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Getting Around the High Cost of Living

Then there's the attraction of being able to sleep in your own bed, rather than in one in a hotel.

"It's just more comfortable with your own things," said Lisa Philtott, who used to live with her husband in an RV at Aquia Pines and now works there.

Remi Bergeron works on his computer at a work station he created to fit over the steering wheel of his RV. (Andrea Bruce Woodall -- The Washington Post)

RV Campgrounds: These are some of the sites around the metro area that allow long-term RV camping.
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And there can be other perks.

Campground offices at Cherry Hill and Hillwood take on customers' day-to-day needs the way an apartment building would, accepting mail and offering laundry rooms, for example. All the Forneys had to do when they moved into Cherry Hill was hook into the campground's electrical and water lines and call the telephone company to set up a landline. Cherry Hill also provides a heated pool, a sauna and game and exercise rooms. Metrobus provides service to the Greenbelt and College Park Metro stations.

But for all the comforts, there also are everyday sacrifices.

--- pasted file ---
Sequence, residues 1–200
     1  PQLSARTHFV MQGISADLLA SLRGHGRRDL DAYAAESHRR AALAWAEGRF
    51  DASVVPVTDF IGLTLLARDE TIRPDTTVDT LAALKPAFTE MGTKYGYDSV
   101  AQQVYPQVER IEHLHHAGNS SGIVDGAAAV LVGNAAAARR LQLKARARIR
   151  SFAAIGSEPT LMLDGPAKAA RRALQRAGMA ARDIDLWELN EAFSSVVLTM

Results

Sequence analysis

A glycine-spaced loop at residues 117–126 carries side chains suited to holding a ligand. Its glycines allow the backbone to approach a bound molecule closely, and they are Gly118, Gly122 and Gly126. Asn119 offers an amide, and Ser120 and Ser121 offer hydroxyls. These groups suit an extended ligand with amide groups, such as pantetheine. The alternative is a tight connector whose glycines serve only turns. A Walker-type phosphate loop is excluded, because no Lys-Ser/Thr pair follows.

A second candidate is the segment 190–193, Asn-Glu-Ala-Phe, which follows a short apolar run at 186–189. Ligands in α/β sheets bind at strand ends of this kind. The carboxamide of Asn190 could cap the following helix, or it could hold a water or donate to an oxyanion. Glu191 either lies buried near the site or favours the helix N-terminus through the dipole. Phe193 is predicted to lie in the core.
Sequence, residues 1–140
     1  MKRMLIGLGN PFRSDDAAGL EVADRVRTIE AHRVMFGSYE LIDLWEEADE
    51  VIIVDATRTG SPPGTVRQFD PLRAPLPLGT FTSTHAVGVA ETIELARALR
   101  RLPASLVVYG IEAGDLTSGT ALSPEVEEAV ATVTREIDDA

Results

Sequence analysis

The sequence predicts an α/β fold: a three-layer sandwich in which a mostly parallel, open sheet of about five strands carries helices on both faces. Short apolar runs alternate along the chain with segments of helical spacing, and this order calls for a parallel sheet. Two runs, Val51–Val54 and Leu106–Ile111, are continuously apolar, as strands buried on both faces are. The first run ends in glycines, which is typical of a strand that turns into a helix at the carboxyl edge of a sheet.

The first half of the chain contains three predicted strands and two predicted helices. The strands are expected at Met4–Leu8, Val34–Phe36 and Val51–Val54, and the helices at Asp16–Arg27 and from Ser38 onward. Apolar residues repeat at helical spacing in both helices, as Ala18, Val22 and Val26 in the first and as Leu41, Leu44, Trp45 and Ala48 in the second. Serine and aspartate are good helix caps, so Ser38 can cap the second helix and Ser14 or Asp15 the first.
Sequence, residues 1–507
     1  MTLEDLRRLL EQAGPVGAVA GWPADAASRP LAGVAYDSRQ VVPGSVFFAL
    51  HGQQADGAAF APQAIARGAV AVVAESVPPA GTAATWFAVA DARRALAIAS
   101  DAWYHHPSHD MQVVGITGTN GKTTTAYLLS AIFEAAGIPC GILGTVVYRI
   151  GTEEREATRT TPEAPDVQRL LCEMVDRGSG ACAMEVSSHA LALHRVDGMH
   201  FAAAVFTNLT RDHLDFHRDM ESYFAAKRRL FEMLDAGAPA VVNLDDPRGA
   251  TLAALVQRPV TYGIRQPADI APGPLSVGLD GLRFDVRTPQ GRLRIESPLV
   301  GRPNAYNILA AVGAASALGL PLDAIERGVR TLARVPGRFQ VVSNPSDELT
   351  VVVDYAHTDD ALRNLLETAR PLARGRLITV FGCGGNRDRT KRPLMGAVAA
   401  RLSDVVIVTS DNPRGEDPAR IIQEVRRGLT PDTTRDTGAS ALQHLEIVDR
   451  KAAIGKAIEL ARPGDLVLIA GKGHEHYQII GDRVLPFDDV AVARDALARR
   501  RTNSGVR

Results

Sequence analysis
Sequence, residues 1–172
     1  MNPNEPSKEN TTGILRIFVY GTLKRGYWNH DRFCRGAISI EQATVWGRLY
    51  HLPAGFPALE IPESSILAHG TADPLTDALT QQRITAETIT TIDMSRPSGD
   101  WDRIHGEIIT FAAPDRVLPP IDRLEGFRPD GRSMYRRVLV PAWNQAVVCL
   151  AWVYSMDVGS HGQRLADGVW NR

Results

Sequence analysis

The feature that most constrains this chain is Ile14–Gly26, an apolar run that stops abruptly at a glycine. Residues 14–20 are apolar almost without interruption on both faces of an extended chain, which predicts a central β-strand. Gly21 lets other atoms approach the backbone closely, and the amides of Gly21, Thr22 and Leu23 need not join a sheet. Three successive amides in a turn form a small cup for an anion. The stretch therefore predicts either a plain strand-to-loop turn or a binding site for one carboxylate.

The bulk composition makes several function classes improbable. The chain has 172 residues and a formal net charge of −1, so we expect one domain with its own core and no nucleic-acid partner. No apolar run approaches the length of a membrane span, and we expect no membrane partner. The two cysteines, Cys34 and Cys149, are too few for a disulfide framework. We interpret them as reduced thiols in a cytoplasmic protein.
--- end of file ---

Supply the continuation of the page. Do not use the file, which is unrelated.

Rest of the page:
"The thing I miss most is a dishwasher," said Vicki Jackson, 52, a Pentagon budget analyst living year-round in her 35-foot Winnebago Sightseer at Gainesville's Hillwood with her husband. "That and a washer and dryer."

Then there's the loneliness that Kathy Justice, 48, must combat on quiet days when her husband, Darrel, 48, is at work at a Federal Aviation Administration facility in Fauquier County. The couple live in a 38-foot RV at Hillwood four nights a week and return to their permanent home in Williamsburg on Darrel's days off.

"The first time [I drove home], I cried all the way," she said. " 'I can't do this, I can't do this,' I thought. But there's no other choice."

Now Kathy Justice fills the hours making runs to the new Super Target store a stone's throw from her campground, working on scrapbooks and quilts and talking to friends and family on her cell phone.

"It's not an ideal situation, but at least we do get a break," she said.

Justice keeps tabs on who is living around her: Male or female? Married? Occupation?

"It took a while to get that feeling of security," she said. "But then you realize everyone is doing the same thing as we are."

Still, she counts the days until Darrel retires and this all ends.

"It's gotten old," she said, standing beside her RV one chilly evening. "It's not how we expected to spend our life at this age."

But it's the practical thing to do.

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